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Four Steps To Have A Healthier Relationship with Technology


What is your relationship with your phone?


How much screen time do you have a day?


Over a decade ago phones were used to make calls and computers were used for work purposes or school for a period of time.


Technology is a powerful tool that helps us advance in personal and professional lives. However, many people feel overwhelmed or obsessed with this technology.


Laptops and smartphones become our best friends, since the moment we wake up, going with us everywhere, and until we go to sleep.


There are so many advantages to technology, but it is important to understand the impact technology can have on different areas of our lives, like social connections, productivity, and emotional health. Establishing and maintaining a healthy relationship with our devices and the internet gives us the opportunity to only be affected in positive ways.


Many of us have a love-hate relationship with technology, however, we become victims of the fear of missing out. We want to know what is going on with friends, family, or artists. We lose connection with the people around us and get distracted by technology.


I think that it is imperative to be able to disconnect from computers and phones to focus on your daily tasks, decision making and resilience, but overall your well-being.


Like any relationship, a healthy relationship with the technology requires balance and boundaries. Here are four ways to establish a healthy relationship with technology.


Limit Your Phone Time

One of the first things many of us do in the morning is check our phone. We open our email and see an urgent email and want to respond right away. When that happens, you are still sitting at your desk and it is 11 a.m. and are not dressed and have had no breakfast.


It is a good idea to limit your time on your devices instead of checking every minute. These distractions can steal away hours of focus each day. Think about creating a schedule of when to use them. Consider staying offline for an entire day each week and only using technology between 10 a.m. and 6 p.m. Most devices have settings that will allow you to limit your screen time. Setting rules to limit phone time allows you to set boundaries between your personal and professional lives and find a better balance. I think being able to shut off work after coming home allows you to fully recharge and be present with your loved ones.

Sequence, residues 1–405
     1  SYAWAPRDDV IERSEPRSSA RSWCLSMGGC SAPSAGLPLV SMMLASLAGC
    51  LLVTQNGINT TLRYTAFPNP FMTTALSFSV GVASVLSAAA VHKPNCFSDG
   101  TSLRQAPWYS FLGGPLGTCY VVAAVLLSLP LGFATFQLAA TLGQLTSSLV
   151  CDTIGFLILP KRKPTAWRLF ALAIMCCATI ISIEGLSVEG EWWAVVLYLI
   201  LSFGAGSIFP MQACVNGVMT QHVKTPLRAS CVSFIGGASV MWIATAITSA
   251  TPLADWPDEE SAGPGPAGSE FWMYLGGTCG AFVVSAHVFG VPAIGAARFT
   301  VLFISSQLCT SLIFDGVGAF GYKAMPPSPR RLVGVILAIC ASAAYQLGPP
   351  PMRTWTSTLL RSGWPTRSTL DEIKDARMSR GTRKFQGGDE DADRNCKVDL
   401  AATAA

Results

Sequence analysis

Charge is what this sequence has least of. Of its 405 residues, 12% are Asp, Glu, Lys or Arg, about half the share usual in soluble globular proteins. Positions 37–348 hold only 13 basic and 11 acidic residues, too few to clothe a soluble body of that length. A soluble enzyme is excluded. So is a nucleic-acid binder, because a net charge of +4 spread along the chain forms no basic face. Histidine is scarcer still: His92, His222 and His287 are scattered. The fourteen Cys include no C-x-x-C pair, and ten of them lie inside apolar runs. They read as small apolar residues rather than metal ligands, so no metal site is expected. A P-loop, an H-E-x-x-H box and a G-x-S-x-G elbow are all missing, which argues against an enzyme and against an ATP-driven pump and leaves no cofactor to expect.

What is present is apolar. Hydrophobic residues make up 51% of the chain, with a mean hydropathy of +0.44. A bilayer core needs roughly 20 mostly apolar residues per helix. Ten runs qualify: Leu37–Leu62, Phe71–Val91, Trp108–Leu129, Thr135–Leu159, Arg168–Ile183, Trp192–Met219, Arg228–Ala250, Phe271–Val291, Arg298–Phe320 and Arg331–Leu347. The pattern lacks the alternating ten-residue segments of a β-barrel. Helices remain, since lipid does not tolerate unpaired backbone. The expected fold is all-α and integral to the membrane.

Collect Yourself Before Using Your Phone or Laptop

What you see on social media is not necessarily the truth. Balance yourself with meditation, routine workouts, and offline activities. Reset your brain and collect your mental energy and focus. Spending time away from the noise can have a huge impact on your performance at work and allows you to collect mental energy and focus. It also helps with having a clear mind to make better decisions.


Schedule Your Incoming Emails With An App

Nowadays, there are so many helpful apps on your phone. Find an app that collects all of your emails and delivers them only at certain times of the day. This can keep you on track during your work hours instead of being distracted by a simple email that requires two minutes of your attention. Scheduling a few time slots during the day to read emails is much more efficient than shifting your focus away from other important daily tasks every time you see an email come in.


Step Away And Take Breaks From Technology Every Few Hours

Take your eyes off the screen and rejuvenate. Change your screen to dark mode to help reduce eye strain and relaxes the brain when working several hours on the computer.


Scheduling a regular time away from the desk, like taking a ten minute walk outside, having a conversation with a co-worker or a coffee meeting, helps with recharging your batteries and also a great way to build better relationships with your fellow team members. This helps building and strengthening your leadership.


The effect technology has on your mental health often comes down to how you use it, and why. It can also help you connect with people going through similar life challenges or exploring the same interests.


However, how we use technology is crucial to our well-being and our overall performance as leaders.

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